To better understand the history of Ghana and its impact on modern life, any trip here should include a visit to at least one of the slave-trading sites along the coast. I visited one of Ghana’s most important slave-trading posts, Elmina Castle, a UNESCO World Heritage Site, a few weeks ago with my friend Yaw Osei. This was my first tour of a slave-trading site, and Yaw, who grew up in nearby Cape Coast, had never toured this castle.
Our tour guide showed us the cell where “stubborn” slaves were sent to die by starvation. He showed us the “door of no return,” the last doorway slaves would pass through before boarding ships bound for Europe or the New World. He showed us the balcony from where the governor would view a courtyard full of women slaves and choose which ones would be brought to his bed.
I could physically feel the weight of the immense sadness, horror, and despair experienced in this place. I felt sick as I imagined sitting in a cramped room with no ventilation with hundreds of female slaves and their urine, feces, vomit and menstrual blood. I felt even sicker as I thought about the anguish of being brutally separated from my family and loved ones. Stunning views of the ocean, boats, and seaside towns that I normally adore, brought no joy as I took in those from the top of the castle.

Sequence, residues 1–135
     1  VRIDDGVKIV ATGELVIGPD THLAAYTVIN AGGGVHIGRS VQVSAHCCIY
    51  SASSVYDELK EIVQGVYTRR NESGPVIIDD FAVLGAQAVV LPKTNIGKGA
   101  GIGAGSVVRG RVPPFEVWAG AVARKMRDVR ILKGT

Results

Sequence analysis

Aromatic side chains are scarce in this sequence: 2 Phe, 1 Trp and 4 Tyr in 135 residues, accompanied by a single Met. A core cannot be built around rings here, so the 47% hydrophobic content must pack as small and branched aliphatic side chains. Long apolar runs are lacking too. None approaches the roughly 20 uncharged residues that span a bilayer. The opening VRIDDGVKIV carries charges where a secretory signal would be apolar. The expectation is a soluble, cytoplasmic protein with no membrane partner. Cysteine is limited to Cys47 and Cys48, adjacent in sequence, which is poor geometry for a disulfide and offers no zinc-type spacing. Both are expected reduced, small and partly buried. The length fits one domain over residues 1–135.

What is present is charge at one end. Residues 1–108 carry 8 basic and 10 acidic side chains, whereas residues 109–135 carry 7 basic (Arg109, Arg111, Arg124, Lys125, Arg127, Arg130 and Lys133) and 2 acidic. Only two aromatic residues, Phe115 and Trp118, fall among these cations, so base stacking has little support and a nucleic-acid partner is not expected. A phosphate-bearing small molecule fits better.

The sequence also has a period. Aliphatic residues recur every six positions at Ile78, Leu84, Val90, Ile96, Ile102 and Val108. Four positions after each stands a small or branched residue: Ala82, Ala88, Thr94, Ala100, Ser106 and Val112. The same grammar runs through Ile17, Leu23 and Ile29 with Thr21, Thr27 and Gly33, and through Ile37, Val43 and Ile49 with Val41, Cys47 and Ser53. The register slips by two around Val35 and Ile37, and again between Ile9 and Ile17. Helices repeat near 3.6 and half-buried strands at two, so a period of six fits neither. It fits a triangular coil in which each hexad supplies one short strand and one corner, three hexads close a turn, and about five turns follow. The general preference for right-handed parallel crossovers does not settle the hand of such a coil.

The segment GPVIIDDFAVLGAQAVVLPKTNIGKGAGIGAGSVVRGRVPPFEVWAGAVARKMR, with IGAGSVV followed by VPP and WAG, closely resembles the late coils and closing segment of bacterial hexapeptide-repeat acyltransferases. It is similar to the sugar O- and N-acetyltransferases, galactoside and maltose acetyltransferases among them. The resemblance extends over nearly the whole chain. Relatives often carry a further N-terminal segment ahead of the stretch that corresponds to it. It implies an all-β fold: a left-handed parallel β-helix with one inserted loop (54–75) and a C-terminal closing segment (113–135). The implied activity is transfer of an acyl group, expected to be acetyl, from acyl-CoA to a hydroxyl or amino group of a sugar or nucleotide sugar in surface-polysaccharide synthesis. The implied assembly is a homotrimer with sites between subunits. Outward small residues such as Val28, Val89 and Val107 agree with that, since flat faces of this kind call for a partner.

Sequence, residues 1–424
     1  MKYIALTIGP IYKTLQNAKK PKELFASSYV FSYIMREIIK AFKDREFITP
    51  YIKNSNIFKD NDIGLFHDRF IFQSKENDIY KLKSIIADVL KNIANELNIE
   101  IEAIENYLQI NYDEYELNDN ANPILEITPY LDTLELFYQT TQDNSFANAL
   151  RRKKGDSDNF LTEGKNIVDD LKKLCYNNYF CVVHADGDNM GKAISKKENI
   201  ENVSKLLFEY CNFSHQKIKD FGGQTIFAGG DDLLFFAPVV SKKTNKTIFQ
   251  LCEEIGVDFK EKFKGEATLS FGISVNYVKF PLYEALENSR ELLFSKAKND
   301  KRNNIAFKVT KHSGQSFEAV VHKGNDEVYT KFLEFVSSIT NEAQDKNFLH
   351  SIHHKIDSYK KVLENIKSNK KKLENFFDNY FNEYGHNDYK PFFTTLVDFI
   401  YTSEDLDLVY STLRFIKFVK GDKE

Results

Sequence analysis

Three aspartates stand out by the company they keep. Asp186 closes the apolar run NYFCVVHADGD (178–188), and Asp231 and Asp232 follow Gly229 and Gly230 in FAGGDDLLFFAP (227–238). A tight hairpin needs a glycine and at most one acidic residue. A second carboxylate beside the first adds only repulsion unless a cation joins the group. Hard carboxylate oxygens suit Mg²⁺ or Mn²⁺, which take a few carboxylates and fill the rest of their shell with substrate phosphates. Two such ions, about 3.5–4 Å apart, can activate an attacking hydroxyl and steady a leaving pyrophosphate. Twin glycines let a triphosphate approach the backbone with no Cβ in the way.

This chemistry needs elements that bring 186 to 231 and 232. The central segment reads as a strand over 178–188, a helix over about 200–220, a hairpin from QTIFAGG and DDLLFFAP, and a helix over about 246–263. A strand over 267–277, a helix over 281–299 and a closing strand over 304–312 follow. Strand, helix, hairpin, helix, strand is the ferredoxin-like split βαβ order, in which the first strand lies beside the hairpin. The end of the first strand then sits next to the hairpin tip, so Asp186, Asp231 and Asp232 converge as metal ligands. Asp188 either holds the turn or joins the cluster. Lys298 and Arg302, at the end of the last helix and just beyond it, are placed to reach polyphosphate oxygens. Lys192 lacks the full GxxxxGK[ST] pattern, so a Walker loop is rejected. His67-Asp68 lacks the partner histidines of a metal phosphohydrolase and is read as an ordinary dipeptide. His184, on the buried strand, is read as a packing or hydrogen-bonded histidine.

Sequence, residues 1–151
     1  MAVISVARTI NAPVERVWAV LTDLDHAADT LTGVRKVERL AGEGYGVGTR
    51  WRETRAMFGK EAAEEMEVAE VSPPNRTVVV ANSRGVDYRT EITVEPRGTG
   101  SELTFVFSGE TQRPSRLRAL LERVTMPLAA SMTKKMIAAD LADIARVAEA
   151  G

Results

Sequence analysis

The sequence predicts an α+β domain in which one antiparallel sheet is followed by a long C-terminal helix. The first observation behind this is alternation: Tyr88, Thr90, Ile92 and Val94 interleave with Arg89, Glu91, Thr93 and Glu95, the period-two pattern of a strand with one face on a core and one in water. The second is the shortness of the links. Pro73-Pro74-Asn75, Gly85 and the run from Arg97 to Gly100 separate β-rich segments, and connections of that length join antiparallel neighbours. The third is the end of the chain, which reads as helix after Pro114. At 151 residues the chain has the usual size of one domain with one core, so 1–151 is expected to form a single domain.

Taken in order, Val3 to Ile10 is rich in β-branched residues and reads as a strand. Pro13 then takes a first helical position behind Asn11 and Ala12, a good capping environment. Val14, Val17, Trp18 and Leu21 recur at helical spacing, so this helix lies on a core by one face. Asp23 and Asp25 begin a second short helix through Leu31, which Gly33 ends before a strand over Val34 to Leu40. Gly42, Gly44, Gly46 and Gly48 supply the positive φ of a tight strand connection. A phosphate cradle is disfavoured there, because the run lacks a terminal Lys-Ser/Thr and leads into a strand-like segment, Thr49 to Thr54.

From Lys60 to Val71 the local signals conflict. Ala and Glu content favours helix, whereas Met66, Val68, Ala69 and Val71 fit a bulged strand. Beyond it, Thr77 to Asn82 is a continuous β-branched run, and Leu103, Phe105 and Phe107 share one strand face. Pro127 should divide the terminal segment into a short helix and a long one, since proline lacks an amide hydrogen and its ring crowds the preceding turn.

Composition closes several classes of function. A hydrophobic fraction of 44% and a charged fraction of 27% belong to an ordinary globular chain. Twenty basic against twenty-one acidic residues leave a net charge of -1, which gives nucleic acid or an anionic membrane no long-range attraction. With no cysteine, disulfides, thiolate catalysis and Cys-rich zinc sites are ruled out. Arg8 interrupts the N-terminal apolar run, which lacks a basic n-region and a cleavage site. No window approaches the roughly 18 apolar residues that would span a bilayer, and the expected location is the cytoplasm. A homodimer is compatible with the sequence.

A visit to Elmina Castle, or any other slave-trading site along Africa’s west coast, is not part of what could be a laid-back beach weekend, but visitors will not regret including it in their travel itinerary. Important lessons are taught here, and the broadened “world view” I am constantly seeking now includes a whole new perspective on world development, the value of life, and humanity.